The Assembly split into two factions – one in favour of the government and the other against it. Some government officers surreptitiously acted from within to split the Assembly in this manner.
The ruling party gave the following reply: “The Citizen’s Representative Assembly only had the right to nominate. The authority conferred on them as per the Government Order did not obligate the Government to accept any nomination made by the Assembly. The Government has learnt that the conduct of elections was improper due to certain reasons. Therefore, this nomination has been refused. However, this shall not mean that the Government has withdrawn the authority conferred on the Assembly. Let the Assembly hold one more election.”
The fact that the earlier election was uncontested was seen as a lacuna by the faction supporting the government. The second election was held in 1909 during the Dasara Session (30th October 1909). It was prescribed by the Government that one person from the East Division and one person from the West Division of Mysore State shall be nominated. Accordingly, four persons from the East Division and five persons from the West Division contested the elections. This time, M. Venkatakrishnaiah did not contest the elections due to certain personal constraints. A few contestants were supported by the Government. D. Venkataramaiah won the elections from the East Division. A. Ramanna, an advocate from Mysore, won the elections from the West Division. And so, friends of the Government lost in both places. The members of the Citizen’s Representative Assembly were delighted. The Representative Assembly received compliments from all over the country.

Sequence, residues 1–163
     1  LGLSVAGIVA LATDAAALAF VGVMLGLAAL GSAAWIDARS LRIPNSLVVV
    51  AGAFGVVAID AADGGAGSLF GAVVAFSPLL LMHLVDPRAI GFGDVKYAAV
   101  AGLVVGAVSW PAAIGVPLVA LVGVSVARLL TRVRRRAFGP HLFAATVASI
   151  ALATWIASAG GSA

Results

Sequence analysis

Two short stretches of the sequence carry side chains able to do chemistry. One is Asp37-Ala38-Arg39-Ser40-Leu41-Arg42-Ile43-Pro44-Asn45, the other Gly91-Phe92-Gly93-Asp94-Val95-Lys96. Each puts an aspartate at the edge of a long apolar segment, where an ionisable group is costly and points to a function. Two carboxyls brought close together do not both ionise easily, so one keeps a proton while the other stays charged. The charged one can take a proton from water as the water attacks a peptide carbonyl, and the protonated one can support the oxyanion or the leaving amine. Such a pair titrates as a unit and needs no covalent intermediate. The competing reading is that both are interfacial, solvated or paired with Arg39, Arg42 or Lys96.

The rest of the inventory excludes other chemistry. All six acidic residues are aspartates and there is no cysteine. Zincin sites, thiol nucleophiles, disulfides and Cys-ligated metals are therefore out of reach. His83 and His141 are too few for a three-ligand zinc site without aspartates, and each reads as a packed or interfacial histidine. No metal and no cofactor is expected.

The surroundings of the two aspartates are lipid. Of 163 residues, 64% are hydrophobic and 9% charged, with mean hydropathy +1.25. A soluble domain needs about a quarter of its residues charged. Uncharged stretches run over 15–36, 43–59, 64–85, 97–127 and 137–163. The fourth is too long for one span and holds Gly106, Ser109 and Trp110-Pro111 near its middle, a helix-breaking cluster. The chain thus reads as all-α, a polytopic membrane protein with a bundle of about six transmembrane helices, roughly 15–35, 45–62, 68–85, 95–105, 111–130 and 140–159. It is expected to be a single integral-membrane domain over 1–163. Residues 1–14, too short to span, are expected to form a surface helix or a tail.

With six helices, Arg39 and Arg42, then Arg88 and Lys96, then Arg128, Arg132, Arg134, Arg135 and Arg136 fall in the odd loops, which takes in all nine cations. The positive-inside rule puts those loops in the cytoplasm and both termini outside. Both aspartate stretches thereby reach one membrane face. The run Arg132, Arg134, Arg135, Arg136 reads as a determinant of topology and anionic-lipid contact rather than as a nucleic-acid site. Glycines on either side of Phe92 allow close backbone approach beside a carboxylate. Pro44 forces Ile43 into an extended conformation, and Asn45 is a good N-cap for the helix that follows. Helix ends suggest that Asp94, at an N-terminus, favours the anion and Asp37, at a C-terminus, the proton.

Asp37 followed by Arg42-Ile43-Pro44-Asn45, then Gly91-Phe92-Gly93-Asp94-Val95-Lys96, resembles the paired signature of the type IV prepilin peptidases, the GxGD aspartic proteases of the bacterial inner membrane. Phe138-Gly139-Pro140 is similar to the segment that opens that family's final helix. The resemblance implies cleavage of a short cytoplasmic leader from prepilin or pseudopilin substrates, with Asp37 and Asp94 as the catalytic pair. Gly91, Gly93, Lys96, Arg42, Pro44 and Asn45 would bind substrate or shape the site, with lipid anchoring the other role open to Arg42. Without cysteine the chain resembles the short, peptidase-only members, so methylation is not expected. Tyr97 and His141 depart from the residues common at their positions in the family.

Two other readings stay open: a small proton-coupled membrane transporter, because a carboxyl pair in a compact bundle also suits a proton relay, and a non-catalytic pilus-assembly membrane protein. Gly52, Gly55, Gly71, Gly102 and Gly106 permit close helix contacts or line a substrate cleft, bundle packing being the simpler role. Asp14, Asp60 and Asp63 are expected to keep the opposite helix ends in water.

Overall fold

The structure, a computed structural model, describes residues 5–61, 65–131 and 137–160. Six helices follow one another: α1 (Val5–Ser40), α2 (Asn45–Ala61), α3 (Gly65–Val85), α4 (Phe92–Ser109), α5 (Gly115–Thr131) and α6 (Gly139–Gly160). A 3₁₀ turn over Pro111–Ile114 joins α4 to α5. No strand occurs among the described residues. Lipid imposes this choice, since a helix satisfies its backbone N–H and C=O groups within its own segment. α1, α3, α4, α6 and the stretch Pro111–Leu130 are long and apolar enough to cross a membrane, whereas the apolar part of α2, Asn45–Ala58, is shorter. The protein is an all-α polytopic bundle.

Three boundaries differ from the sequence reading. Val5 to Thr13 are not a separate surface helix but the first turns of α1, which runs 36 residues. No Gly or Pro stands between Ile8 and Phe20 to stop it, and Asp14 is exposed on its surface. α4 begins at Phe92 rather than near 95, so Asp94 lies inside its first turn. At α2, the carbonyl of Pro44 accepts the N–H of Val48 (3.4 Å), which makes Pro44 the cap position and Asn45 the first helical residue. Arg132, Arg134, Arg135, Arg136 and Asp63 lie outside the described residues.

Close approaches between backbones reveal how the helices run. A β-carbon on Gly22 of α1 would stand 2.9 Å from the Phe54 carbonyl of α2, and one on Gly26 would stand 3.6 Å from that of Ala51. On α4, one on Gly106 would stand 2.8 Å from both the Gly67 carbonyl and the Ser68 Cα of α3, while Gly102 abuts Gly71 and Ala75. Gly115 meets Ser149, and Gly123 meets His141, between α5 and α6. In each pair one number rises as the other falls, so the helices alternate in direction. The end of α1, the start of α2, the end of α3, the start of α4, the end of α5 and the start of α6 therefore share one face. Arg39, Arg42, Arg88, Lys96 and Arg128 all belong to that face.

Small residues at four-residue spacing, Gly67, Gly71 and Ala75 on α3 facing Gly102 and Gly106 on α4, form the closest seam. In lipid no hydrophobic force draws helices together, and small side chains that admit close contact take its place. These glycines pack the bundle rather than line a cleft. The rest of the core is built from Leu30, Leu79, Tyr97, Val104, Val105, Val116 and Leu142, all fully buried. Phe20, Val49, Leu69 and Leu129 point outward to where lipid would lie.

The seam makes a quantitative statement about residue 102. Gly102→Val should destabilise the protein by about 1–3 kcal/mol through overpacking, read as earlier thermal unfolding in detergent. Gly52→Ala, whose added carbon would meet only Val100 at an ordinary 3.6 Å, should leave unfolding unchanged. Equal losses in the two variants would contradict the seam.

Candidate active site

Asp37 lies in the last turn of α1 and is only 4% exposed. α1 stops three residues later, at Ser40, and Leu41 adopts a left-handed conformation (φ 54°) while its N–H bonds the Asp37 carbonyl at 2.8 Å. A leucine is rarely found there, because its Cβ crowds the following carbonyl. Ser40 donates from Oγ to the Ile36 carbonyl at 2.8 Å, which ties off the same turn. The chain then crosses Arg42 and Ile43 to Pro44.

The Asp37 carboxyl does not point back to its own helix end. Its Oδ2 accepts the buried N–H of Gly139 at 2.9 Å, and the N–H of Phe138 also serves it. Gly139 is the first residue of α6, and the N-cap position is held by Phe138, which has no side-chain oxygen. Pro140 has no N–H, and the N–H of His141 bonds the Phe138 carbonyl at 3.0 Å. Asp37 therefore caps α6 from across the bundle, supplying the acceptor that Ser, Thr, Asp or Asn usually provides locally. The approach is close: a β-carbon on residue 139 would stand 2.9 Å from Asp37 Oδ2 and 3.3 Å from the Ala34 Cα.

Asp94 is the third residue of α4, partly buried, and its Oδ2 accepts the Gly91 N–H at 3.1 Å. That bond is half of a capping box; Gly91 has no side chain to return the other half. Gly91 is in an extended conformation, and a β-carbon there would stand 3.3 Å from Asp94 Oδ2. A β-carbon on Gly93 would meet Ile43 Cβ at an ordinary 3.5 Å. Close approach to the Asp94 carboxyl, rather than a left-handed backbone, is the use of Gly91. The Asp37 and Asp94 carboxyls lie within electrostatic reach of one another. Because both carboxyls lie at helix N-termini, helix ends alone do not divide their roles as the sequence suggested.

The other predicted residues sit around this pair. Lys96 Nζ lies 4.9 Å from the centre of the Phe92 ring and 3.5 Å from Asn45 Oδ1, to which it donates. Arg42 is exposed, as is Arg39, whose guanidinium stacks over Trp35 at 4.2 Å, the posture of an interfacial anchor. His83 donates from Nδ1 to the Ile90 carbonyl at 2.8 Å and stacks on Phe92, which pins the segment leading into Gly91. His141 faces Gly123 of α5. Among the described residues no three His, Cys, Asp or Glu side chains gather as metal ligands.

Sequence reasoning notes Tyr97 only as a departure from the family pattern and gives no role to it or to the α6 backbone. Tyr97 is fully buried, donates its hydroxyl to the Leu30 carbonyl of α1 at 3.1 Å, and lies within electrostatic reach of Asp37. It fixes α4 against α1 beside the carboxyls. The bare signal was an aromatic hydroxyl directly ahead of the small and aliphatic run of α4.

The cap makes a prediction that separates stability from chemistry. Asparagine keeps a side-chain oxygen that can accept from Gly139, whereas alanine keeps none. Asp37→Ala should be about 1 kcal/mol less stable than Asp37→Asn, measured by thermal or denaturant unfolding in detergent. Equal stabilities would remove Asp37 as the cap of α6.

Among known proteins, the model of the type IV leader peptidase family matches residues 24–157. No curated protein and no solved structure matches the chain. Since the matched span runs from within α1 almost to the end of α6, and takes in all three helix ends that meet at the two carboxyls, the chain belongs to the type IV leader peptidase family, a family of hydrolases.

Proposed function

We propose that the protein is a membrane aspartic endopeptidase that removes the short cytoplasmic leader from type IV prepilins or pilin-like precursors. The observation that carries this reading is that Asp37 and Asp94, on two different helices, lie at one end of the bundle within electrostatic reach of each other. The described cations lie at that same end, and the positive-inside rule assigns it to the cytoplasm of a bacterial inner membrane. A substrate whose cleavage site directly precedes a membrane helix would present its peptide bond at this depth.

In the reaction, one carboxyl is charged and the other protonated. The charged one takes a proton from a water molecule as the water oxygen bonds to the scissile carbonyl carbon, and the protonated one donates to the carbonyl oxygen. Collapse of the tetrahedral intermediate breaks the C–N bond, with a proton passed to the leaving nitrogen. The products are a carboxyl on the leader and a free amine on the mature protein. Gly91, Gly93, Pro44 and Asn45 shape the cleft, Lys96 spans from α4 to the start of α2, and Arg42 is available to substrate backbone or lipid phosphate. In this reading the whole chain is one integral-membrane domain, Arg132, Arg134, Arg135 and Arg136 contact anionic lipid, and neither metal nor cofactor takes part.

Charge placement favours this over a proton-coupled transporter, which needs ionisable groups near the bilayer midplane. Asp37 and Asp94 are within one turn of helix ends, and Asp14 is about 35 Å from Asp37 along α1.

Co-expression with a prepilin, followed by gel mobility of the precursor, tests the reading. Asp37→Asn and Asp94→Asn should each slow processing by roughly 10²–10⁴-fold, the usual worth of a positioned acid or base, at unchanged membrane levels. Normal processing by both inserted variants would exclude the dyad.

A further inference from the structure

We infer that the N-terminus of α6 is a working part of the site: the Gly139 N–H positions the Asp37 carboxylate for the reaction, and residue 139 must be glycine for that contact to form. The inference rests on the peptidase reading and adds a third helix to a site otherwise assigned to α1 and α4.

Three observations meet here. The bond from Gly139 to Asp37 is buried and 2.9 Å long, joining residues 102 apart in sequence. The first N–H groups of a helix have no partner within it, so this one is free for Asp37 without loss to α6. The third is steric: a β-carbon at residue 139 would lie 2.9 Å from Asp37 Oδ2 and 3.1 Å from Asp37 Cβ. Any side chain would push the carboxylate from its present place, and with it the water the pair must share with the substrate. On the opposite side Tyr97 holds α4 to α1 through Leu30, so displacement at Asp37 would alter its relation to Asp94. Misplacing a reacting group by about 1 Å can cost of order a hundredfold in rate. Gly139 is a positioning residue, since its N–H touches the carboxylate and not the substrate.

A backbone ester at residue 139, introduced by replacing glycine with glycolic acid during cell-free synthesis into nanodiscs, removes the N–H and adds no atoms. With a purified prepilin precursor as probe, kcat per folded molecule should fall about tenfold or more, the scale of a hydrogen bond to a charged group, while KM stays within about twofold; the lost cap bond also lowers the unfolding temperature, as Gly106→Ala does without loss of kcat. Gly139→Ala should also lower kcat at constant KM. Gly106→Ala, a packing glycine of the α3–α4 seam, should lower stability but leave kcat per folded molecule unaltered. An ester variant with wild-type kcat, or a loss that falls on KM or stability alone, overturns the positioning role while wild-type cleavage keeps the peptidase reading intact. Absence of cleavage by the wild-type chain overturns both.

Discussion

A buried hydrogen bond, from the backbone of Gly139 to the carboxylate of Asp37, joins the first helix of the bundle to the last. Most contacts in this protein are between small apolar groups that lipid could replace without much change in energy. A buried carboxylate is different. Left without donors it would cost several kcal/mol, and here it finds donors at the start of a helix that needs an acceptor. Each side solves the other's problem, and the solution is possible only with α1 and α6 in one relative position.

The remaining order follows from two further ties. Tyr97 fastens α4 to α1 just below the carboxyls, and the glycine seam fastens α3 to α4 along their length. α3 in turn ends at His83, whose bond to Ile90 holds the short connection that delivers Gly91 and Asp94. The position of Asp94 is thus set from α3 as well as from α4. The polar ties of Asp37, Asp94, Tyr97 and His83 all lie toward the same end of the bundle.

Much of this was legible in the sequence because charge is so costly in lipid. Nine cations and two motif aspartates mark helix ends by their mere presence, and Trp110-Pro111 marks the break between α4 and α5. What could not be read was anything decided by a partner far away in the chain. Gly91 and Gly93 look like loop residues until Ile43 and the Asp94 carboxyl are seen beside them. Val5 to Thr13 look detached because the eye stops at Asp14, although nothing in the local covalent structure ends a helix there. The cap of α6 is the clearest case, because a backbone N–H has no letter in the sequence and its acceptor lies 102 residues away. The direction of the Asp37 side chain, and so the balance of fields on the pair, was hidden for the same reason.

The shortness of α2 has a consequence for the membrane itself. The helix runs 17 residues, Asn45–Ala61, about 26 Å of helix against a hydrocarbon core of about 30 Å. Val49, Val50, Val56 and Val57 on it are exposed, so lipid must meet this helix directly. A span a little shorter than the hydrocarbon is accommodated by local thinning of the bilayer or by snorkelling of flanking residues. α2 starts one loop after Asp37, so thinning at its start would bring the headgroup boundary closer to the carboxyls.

In 1910, the Government had proposed to legislate a law that would prohibit the disqualification of persons entitled to ancestral property on grounds of their religion and castes. The core aim of that law was to prevent the disqualification of a Hindu’s entitlement to his share in his ancestral property when he converted to any other religion. Christian missionaries had applied pressure and influence to legislate such a law. Wasn’t it obvious that such missionaries had the support of British officials? These missionaries had suggested to the Mysore Government to legislate such a law in 1905 itself. In this regard the Government had prepared a draft legislation and had published the same seeking public opinion. Most of the replies given by the people were in opposition to such a law. Therefore, the Government kept in abeyance the idea of legislating such a law. At that point of time, the Legislative Council was not yet established. The Government explained to the missionaries that it would be imprudent to legislate a law by opposing public opinion and without the acceptance by a Representative Assembly. The Legislative Council was established in 1907. Thereafter, the pressure on the Government by Christian pastors intensified. This resulted in the Government preparing another draft legislation and placing it before the legislative council. T. Ananda Rao had become the Diwan of Mysore by then.
Some of us had contemplated holding a public meeting to display the people’s opposition to the proposed legislation. We had invited Venkataramaiah to preside over that meeting. The meeting was held on a grand scale at Doddanna’s Auditorium. Since I was a journalist by profession, I had the privilege of witnessing the proceedings of the Legislative Council a few days later, when the draft bill was introduced. The obligation to introduce the bill to the Council was cast on K. P. Puttanna Chetty. The most effective speech by the opposition on that day was by Advocate D. Venkataramaiah from Bangalore and Advocate A. Ramanna from Mysore. The majority voted against the Bill and so it was not passed.